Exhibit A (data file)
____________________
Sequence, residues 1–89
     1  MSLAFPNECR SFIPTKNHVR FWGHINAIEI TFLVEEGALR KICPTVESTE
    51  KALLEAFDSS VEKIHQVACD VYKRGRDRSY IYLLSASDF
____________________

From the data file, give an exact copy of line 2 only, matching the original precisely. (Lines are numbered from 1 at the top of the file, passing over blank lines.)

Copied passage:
     1  MSLAFPNECR SFIPTKNHVR FWGHINAIEI TFLVEEGALR KICPTVESTE